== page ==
Group leaves noxious chemical at state government offices
News media reports from Montpelier, Vermont, say that a group of 15-20 adults, with some children, engaged in a protest over Vermont Yankee that has taken anti-nuclear protest tactics to a new level. The people involved must have granola for brains.
This past week the group came to the offices of the Vermont Public Service Board where they made their way to the 4th floor of the state office building. Once there they began chanting protest songs and reportedly ripped open plastic trash bags which contained styrofoam popcorn soaked in a noxious smelling chemical.
The Montpelier Fire Department was called and the building was evacuated. One employee was hospitalized with an asthma attack as a result of a reaction to the fumes. The chemical was later identified as deer urine. State employees told WPTZ TV news they were scared out of their wits by the chemical attack.
The Rutland Herald reports the protesters handed out flyers that said the group was named Green Mountain Earth First! and was rallying against the "unsafe conditions" at the Vermont Yankee nuclear power reactor and petitioning the Public Service Board to revoke Entergy's "Certificate of Public Good."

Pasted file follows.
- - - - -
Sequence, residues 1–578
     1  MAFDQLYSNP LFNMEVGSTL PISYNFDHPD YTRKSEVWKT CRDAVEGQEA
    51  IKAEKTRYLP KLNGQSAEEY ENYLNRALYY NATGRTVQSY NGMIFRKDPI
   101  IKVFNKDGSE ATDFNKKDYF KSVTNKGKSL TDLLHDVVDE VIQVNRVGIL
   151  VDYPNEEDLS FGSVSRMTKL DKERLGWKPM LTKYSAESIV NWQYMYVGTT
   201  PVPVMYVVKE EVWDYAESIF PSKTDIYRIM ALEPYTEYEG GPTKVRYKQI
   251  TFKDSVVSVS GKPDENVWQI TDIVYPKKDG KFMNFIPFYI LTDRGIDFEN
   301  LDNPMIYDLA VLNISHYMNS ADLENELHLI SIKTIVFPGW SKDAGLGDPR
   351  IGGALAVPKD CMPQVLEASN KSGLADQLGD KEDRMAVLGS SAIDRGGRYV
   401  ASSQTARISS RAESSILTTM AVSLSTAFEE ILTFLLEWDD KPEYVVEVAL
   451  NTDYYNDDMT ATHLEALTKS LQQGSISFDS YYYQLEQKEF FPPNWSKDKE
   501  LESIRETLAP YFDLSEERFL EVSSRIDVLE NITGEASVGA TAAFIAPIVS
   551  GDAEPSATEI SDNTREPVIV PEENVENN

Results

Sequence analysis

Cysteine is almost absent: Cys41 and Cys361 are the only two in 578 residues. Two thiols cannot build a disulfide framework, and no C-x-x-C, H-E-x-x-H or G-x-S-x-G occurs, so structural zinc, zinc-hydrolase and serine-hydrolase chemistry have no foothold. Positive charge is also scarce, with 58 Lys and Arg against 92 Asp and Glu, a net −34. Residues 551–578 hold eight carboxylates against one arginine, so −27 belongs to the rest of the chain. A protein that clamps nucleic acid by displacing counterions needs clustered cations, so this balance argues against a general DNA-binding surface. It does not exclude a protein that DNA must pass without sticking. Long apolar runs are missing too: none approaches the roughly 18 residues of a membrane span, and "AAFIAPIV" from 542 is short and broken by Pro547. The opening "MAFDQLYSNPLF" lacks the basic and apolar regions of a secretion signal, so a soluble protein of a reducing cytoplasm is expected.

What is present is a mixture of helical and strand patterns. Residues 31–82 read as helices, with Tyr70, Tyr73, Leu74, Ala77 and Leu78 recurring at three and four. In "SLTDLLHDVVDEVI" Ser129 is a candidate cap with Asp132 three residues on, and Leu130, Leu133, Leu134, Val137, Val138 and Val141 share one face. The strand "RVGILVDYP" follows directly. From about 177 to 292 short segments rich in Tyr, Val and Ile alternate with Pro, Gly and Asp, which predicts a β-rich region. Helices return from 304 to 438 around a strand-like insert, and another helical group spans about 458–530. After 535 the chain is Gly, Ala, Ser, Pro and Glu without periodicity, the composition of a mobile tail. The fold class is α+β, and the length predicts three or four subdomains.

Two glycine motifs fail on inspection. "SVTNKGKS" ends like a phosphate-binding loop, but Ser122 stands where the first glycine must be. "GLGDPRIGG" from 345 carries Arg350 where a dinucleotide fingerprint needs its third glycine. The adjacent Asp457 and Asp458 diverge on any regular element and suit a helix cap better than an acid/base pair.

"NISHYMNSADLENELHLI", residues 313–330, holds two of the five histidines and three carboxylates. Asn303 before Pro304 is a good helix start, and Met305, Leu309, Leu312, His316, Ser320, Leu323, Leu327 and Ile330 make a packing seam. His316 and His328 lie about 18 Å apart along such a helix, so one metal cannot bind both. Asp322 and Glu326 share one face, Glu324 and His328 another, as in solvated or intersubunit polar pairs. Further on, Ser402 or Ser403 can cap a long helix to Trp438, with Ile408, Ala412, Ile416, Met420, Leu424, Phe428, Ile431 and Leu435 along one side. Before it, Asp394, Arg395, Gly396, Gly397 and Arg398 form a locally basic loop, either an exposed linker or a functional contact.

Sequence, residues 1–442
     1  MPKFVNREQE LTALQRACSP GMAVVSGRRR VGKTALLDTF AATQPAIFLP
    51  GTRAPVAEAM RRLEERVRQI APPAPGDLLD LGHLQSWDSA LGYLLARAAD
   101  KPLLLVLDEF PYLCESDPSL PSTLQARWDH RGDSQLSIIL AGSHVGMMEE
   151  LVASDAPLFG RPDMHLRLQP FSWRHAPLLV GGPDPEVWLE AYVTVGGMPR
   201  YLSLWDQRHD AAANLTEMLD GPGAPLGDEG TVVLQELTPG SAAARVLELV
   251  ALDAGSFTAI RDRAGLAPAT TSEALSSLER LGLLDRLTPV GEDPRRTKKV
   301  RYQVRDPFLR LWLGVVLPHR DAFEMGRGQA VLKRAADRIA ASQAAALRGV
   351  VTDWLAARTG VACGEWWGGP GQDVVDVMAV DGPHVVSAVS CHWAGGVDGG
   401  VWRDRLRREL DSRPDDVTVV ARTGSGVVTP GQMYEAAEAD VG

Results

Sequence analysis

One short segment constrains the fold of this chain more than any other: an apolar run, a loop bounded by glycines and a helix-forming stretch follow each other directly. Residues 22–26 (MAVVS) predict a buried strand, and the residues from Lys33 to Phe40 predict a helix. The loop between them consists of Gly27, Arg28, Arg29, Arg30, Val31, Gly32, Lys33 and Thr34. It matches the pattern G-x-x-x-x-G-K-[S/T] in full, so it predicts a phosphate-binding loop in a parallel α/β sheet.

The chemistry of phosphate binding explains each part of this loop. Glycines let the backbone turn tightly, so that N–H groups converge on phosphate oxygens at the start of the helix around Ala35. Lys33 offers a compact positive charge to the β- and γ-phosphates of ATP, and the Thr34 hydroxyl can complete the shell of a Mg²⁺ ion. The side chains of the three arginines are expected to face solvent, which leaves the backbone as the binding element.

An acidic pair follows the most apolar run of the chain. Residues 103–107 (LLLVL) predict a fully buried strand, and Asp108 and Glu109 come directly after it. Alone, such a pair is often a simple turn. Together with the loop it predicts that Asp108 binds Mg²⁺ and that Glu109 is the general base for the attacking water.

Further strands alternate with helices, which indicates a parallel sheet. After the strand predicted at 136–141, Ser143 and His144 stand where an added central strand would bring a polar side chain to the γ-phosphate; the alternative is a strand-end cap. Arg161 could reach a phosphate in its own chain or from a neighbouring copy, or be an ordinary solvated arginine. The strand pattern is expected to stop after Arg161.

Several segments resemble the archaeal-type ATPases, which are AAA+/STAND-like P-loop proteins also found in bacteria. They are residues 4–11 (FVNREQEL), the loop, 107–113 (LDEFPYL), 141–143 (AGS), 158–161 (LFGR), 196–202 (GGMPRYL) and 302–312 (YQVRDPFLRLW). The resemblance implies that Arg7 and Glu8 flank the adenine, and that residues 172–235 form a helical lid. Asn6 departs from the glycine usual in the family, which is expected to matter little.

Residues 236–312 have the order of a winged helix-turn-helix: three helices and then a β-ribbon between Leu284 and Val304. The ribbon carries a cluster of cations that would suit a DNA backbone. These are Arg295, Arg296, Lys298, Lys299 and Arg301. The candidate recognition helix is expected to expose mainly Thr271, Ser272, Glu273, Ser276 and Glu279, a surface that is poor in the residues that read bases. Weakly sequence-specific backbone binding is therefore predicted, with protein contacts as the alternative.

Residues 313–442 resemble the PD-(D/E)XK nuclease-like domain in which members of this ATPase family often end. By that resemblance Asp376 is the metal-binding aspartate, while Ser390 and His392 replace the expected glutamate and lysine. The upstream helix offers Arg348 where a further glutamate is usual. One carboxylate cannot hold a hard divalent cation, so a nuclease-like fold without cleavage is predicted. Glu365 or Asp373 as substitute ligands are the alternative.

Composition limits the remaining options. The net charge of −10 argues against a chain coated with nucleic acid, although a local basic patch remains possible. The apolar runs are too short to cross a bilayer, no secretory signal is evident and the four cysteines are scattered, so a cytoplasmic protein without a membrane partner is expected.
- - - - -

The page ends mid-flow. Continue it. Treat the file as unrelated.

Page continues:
In the past protests against Vermont Yankee have included civil disobedience blocking the plant's main gate and a nude bicycle ride through the streets of Burlington, Vermont. This incident using animal waste is entirely different.
Montpelier Police Chief Anthony Facos said the protesters, if found, could be charged with unlawful mischief. Because a state agency office was vandalized, Vermont State Police are also involved in the investigation.
It shouldn't be too hard to find them. According to Green Mountain Earth First member Erik Gillard, who was dressed during the protest as Santa Claus, the protest was staged to bring attention to Entergy's commitment to the decommissioning fund for the plant. Gillard claims Entergy will fail to make payments into the fund. He issued a statement to Vermont news media calling attention to the group's role in the protest and the reason for it.
The Vermont Public Service Board is responsible for regulatory oversight of power plants in the state. However, it does not have the authority to revoke the plant's license which is what the protesters were demanding when they unleashed their stink attack. Since then the Board's offices have been closed to the public while a video monitoring system is installed at the site.
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